The U.S. food innovation company Aqua Cultured Foods is ready to market alt-seafood created through animal-free, mushroom-based, fermentation methods.
Los Angeles, December 3, 2022 3:55pm — Alt-Seafood will be soon available in U.S. restaurants. Calamari, shrimp, scallops, and fillets of tuna and whitefish no longer have to come from actual fish because Aqua Cultured Foods, an innovative food technology startup, has managed to recreate them using mushrooms instead. Aqua’s fermentation methods do not use any animal cells or ingredients.
Aqua says its alt-seafood products can be marketed as non-GMO, proclaiming their process does not involve any genetic modification. The company claims that its whole-muscle cut seafood alternatives have the same taste and texture as their animal-based counterparts, opening the door to a future without industrialized fishing or fish farming.
The Chicago-based startup is already running public tasting events that will gauge consumer acceptance. Starting in January of 2023, it will begin distributing its products to select restaurant partners. UnchainedTV’s Jane Velez-Mitchell had a conversation with Anne Palermo, CEO and co-founder of Aqua Cultured Foods, and you can watch it in its entirety here:
No fishes, crustaceans, or mollusks in alt-seafood
Although Aqua is trying to reproduce realistic seafood that has traditionally been obtained by fishing or farming, they do not have to go to the oceans, rivers or lakes to create their modern versions. They only have to grow them in fermentation tanks with fungi. Palermo explains:
“We are using proprietary strains of microorganisms that are all fungi-focused. We are growing strains of mycelium, which in effect is the root system of a mushroom. And, we are growing these naturally proteinaceous strains of microorganism in a novel process that allows them to retain all micronutrients, all proteins, and fibers.”
One could think that transforming fungi in food that looks, tastes, and feels exactly like traditional seafood is going to be prohibitively expensive. However, Palermo explains that the beauty of fermentation is that, once you know how to do it, scaling production becomes very cheap. She adds,
“The product grows very quickly. All it does is consume a basic substance of sugar water and some cheap nitrogen source. This means that commercial scale is going to be really inexpensive.”
And, she says, Aqua’s alt-seafood is suitable for vegans, as the company does not use any animal products in any part of the process, as Palermo explains:
“The ingredient label includes nothing other than just our proprietary mushroom protein or fungi protein, water, and then flavor and color. Those are all vegetable-based. So, everything that you see here is all 100% plant-based and vegan.”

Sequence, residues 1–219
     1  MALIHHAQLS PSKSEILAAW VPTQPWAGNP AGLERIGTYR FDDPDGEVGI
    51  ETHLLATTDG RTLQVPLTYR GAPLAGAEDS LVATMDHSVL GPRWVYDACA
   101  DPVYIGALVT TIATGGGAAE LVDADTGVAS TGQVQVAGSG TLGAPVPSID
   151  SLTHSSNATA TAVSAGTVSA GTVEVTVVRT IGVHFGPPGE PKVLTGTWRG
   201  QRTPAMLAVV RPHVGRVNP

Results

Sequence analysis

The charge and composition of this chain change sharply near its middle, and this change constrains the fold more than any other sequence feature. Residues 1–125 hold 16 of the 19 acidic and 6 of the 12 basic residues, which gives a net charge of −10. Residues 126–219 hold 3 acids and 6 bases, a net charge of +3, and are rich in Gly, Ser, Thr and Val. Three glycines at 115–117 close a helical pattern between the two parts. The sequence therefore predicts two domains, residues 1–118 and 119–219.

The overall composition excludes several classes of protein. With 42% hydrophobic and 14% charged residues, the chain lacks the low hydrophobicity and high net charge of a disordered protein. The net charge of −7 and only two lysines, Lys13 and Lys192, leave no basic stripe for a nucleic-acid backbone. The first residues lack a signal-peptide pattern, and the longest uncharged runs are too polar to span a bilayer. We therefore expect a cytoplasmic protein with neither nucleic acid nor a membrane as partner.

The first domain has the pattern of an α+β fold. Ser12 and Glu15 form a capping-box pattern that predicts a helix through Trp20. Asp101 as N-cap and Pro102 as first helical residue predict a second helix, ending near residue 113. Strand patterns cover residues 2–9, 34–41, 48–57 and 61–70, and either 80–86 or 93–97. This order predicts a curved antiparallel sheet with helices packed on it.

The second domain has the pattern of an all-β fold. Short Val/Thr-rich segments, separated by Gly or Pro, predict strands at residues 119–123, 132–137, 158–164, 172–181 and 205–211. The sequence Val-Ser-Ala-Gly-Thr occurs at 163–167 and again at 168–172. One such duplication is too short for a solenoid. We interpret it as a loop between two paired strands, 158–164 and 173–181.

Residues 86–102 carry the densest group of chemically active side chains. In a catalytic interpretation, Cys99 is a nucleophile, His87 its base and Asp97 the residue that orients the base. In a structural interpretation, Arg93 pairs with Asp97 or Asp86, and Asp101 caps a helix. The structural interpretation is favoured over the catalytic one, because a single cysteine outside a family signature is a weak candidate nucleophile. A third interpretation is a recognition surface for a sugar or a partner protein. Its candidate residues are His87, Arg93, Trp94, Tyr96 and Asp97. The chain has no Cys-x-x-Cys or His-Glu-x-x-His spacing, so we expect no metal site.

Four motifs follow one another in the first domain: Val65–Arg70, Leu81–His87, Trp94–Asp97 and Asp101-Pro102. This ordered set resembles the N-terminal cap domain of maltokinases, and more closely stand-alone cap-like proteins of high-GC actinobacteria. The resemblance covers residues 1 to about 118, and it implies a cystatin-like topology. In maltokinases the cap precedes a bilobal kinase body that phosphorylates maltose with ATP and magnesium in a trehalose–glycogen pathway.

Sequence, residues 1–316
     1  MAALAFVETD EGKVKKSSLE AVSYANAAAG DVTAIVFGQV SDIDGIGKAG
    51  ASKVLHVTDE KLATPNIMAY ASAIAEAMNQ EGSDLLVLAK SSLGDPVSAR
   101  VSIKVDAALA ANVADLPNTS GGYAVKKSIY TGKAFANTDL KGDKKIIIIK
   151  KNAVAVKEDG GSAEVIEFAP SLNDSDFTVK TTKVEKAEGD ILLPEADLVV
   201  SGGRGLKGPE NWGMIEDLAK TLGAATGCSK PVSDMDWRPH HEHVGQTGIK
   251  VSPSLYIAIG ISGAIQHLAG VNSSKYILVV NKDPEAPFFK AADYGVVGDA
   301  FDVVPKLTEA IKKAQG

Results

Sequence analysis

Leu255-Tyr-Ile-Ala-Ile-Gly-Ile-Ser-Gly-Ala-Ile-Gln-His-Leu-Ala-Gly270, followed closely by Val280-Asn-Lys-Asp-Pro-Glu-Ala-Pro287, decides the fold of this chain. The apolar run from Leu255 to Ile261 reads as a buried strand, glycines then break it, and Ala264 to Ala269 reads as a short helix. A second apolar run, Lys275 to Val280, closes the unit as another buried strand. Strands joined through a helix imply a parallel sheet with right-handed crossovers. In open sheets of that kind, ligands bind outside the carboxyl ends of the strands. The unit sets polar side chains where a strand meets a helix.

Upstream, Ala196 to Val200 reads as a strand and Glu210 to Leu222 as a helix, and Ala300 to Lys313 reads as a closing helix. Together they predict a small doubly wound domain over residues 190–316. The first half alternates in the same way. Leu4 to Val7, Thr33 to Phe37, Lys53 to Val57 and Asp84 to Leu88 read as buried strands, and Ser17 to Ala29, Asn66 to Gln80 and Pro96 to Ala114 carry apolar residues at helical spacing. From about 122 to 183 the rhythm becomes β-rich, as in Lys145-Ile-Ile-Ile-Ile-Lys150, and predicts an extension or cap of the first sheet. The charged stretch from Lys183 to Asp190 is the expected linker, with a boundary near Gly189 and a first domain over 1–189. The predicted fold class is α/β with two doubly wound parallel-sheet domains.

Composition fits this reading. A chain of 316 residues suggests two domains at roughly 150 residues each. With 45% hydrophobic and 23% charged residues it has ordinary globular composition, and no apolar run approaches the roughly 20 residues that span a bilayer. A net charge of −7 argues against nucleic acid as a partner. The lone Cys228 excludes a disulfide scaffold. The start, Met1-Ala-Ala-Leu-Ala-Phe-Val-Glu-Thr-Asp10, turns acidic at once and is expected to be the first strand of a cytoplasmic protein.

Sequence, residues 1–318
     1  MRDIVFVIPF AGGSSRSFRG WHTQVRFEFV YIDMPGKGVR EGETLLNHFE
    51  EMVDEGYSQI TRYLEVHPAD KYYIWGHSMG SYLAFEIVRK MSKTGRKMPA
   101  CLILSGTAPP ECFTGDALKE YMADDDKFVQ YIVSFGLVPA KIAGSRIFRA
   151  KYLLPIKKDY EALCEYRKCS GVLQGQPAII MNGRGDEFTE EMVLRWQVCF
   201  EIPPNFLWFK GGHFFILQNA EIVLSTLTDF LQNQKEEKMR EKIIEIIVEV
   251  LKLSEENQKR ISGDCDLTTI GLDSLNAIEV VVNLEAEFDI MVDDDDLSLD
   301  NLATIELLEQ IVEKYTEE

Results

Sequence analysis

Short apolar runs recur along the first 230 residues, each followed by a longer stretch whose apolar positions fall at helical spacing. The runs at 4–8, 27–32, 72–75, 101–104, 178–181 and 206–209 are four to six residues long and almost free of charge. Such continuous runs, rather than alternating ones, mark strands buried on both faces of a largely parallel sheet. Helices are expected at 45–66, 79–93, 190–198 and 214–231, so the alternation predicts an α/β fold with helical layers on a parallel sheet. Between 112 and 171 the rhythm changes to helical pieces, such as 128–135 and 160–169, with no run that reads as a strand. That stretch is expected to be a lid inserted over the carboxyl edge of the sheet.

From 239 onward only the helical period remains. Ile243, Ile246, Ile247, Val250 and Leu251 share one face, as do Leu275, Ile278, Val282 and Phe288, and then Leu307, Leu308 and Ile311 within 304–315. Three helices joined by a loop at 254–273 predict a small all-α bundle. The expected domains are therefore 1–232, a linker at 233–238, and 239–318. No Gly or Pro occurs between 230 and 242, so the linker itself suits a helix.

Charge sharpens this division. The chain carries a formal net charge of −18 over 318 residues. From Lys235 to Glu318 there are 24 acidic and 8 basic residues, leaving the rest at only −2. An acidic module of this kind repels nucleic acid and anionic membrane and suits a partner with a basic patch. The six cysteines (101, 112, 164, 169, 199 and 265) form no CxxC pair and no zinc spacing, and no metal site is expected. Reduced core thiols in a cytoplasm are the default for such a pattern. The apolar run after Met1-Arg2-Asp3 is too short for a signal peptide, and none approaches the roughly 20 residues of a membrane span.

This Alt-Seafood Is Not Cultured Meat
Despite the name of the company, Aqua does not produce cultured meat as that term is popularly defined these days, namely flesh grown in labs from cells taken from animals, such as bulls, pigs, chickens, or fishes. The term cultured only means grown or propagated in an artificial medium. So, technically, all fermentation processes using bacteria, fungi or algae, and all lab meats grown from animal cells, are cultured. However, to prevent confusion, Palermo said she’s changing the company’s name:
“We’re actually going to be changing the name of our company and dropping the ‘cultured’ to avoid that kind of confusion. We are all fungi-based. We’re not using any animal cells whatsoever. It’s really important for us to completely replace animals. Our products do not use any animals, animal products, or cells at all. Everything is 100% vegan.”
If you are wondering whether Aqua’s products will be as rich in omega-3 as the flesh of fishes, Palermo maintains that Aqua products will be even richer in omega-3s than animal-based seafood:
“We do add omega-3s. Our products, per 100-gram serving, have more omega-3s than salmon, tuna, and cod. We’re adding about 2500 milligrams of omega-3s per serving and they’re all plant-derived.”
“Everything about it, flavors, colors, the protein itself, comes from plant or mushroom kingdom.” —Anne Palermo, CEO of Aqua
Why Do We Need Alt-seafood
Ultimately, the company hopes to disrupt the fishing industry to assist in climate changing mitigation, ocean preservation and the protection of ocean mammals and other marine life imperiled by large-scale ocean trawling. Palermo, who began her career in finance before transitioning into food tech, food science, and culinary innovation, explains how:
“Moving to an alternative-protein lifestyle, or plant-based style, has been proven to be one of the fastest ways for the average individual to have the most significant impact on halting climate change. Also, it helps in saving our oceans. Our oceans are the number one carbon sink globally, even larger than the Amazon. These are all things that we really have to take into consideration when it comes to making a significant, lasting impact.”
Aqua is not only trying to prevent further damage being inflicted on sea life and the environment, but it is also trying to help feed the world:
“We just reached 8 billion people. We are on track to hit ten billion people in 30 years. The only way to feed all of these people will be through alternative proteins.” —Anne Palermo, CEO of Aqua
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Jordi Casmitjana is a vegan zoologist and author.